Observations of an Internet Middleman (Level3)

Christopher Morrow morrowc.lists at gmail.com
Thu May 15 18:01:03 UTC 2014

On Thu, May 15, 2014 at 1:48 PM, Scott Helms <khelms at zcorum.com> wrote:
> Its not really that complex, if you think about it having 10000s of
> 'movieco' with the same priority is the status quo.  At the end of the day
> the QoS mechanics in DOCSIS are pretty straightforward and rely on service
> flows, while service flows can have equal priority I doubt most operators
> will sell more than a few (perhaps just one) top priority in a given a
> category.

yes, there will only ever be 5 computers. or you couldn't possibly
need more than 640kb of ram..... or more than 4billion 'ip addresses'.

I don't think you have to get to more than 10 or 20 of the stated
examples before things get dicey ... Once a set of customers
experience (and can measure) the effect, they'll back their complaints
up to 'moviecompany' and some set of contract penalties will kick in,
I suspect.

Sure, if there is only one it's not a problem, but there are already
not just one...

> Scott Helms
> Vice President of Technology
> ZCorum
> (678) 507-5000
> --------------------------------
> http://twitter.com/kscotthelms
> --------------------------------
> On Thu, May 15, 2014 at 1:22 PM, Christopher Morrow
> <morrowc.lists at gmail.com> wrote:
>> On Thu, May 15, 2014 at 1:06 PM, Ryan Brooks <ryan at hack.net> wrote:
>> > On 5/15/14, 11:58 AM, Joe Greco wrote:
>> >>
>> >> 2) Netflix purchases 5Mbps "fast lane"
>> >>
>> >
>> > I appreciate Joe's use of quotation marks here.    A lot of the dialog
>> > has
>> > included this 'fast lane' terminology, yet all of us know there's no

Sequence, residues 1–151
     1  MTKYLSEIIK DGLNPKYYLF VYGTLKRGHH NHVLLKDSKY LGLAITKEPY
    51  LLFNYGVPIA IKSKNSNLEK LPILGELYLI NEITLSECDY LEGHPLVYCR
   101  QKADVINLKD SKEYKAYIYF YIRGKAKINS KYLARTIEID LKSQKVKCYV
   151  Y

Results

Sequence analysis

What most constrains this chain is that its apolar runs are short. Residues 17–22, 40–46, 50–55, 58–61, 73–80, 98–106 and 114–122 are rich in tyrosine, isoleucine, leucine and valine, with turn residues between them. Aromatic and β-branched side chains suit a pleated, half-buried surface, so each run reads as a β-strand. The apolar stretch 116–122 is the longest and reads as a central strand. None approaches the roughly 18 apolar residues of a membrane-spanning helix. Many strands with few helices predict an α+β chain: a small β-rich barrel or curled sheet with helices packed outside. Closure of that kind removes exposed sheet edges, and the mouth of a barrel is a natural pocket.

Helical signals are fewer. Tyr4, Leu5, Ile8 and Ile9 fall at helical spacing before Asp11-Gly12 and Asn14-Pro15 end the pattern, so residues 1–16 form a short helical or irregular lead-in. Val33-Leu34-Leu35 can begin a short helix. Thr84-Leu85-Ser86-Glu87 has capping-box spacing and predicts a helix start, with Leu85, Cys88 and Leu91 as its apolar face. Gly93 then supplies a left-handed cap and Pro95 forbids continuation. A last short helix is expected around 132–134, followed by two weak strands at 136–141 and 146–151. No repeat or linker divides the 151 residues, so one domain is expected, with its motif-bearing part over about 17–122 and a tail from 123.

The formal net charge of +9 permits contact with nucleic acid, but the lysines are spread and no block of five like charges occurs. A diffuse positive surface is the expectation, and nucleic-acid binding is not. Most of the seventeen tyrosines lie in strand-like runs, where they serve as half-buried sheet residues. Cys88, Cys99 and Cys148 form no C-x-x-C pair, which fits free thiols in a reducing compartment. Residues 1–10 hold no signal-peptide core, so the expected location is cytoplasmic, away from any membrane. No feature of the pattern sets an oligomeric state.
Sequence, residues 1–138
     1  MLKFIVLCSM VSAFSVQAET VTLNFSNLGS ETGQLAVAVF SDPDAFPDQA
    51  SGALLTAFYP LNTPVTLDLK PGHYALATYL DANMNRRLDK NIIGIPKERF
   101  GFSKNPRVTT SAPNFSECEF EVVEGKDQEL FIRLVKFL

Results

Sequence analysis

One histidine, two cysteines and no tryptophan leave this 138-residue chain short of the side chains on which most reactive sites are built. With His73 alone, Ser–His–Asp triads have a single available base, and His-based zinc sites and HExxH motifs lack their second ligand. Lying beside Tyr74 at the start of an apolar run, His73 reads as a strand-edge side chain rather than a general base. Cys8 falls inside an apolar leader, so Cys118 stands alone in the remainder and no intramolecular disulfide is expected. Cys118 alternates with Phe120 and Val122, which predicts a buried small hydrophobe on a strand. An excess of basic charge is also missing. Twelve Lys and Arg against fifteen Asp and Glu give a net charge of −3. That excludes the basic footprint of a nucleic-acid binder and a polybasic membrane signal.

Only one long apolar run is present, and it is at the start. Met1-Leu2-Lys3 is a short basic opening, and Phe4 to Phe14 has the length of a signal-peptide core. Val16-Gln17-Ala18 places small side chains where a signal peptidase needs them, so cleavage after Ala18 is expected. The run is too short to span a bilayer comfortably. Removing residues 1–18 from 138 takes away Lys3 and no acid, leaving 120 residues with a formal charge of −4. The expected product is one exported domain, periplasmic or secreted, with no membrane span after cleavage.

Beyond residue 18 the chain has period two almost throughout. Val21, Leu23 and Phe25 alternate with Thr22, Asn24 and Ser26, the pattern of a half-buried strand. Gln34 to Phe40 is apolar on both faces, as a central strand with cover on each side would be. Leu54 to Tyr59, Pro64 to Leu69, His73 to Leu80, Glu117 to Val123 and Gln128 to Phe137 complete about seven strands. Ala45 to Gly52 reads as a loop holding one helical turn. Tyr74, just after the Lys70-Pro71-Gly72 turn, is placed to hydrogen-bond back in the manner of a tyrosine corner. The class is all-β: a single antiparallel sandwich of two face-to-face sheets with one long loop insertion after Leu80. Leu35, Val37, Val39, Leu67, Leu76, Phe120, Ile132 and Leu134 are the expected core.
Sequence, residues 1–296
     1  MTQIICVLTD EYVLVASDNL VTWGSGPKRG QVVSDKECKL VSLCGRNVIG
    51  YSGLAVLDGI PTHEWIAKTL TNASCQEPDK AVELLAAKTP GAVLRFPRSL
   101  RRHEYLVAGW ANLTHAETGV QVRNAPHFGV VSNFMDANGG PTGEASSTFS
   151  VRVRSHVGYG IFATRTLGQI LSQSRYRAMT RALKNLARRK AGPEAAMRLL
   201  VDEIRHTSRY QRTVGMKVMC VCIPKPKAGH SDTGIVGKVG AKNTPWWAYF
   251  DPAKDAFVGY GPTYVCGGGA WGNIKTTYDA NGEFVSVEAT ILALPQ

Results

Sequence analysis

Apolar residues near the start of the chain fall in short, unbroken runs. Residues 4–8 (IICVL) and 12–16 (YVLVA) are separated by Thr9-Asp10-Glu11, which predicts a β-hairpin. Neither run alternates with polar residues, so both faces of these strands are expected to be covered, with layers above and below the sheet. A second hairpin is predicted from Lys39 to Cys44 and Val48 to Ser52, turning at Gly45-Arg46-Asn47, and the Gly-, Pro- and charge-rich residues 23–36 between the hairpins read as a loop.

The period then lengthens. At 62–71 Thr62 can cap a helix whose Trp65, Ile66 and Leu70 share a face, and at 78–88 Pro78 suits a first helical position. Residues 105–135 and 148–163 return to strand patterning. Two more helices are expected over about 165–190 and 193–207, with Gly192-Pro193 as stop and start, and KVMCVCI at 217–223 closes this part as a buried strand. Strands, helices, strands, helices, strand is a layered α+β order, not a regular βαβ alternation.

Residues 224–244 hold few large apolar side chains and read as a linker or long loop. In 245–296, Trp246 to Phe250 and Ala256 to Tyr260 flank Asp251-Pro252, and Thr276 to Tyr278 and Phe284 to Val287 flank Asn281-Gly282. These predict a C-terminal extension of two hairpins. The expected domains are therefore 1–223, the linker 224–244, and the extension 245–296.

>> > 'fast
>> > lane' being constructed, rather just varying degrees of _slow_ applied
>> > to
>> > existing traffic.
>> >
>> please correct me if I'm wrong, but 'fast lane' really is (in this
>> example):
>>   'cableco' port from 'moviecompany' has 'qos' marking configuration
>> to set all 'moviecompany' traffic (from this port!) to some priority
>> level.
>>   customer-port to 'cableco' has 'qos' handling/queuing that will
>> ensure '5mbps' of 'moviecompany' is always going to get down the link
>> to the customer, regardless of the other traffic the customer is
>> requesting.
>> right? (presume that in the rest of the 'cableco' network is
>> protecting 'moviecompany' traffic as well, of course)
>> So, when there are 1 'moviecompany' things to prioritize and deliver
>> that's cool... but what about when there are 10? 100? 1000? doesn't
>> the queuing get complicated? what if the 'cableco' customer with
>> 10mbps link has 3 people in the location all streaming from 3
>> different 'moviecompany' organizations which have paid for 'fastlane'
>> services?
>> 3 x 5 == 15 ... not 10. How will 'cableco' manage this when their
>> 100gbps inter-metro links are seeing +100gbps if 'fastlane' traffic
>> and 'fastlane' traffic can't make it to the local metro from the
>> remote one?
>> This all seems much, much more complicated and expensive than just
>> building out networking, which they will have to do in the end anyway,
>> right? Only with 'fastlanes' there's extra capacity management and
>> configuration and testing and ... all on top of: "Gosh, does the new
>> umnptyfart card from routerco actually work in old routerco routers?"
>> This looks, to me, like nuttiness... like mutually assured destruction
>> that the cableco folk are driving both parties into intentionally.
>> -chris
>> BTW: I didn't use a particular 'cable company' name for 'cableco', nor
>> did I use a particular streaming media company for 'moviecompany'...
>> Also, 'cableco' is short-hand for
>> 'lastmile-consumer-provider-network'. Less typing was better, for me,
>> I thought.

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